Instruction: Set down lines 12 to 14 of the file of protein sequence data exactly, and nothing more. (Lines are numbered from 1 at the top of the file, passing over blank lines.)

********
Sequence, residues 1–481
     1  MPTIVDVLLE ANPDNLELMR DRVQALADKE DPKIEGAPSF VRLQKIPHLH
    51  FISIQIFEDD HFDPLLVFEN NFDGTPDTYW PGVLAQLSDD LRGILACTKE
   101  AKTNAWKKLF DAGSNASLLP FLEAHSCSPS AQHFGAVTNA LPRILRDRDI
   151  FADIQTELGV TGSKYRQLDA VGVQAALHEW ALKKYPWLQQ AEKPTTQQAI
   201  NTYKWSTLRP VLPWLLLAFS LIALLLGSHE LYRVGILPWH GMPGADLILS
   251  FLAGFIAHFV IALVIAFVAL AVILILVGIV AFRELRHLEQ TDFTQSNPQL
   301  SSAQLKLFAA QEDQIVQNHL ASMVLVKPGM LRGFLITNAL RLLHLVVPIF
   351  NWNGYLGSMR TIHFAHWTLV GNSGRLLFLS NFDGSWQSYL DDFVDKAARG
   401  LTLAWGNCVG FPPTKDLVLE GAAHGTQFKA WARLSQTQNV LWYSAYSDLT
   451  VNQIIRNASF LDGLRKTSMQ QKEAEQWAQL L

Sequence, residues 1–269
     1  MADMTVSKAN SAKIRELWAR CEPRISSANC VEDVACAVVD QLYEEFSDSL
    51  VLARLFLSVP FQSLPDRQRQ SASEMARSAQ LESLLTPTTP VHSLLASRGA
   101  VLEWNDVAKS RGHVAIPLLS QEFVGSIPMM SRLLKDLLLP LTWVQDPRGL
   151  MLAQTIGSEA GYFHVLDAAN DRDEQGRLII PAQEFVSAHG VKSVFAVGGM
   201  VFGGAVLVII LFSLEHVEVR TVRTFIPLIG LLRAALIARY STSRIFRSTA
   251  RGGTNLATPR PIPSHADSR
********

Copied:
Sequence, residues 1–269
     1  MADMTVSKAN SAKIRELWAR CEPRISSANC VEDVACAVVD QLYEEFSDSL
    51  VLARLFLSVP FQSLPDRQRQ SASEMARSAQ LESLLTPTTP VHSLLASRGA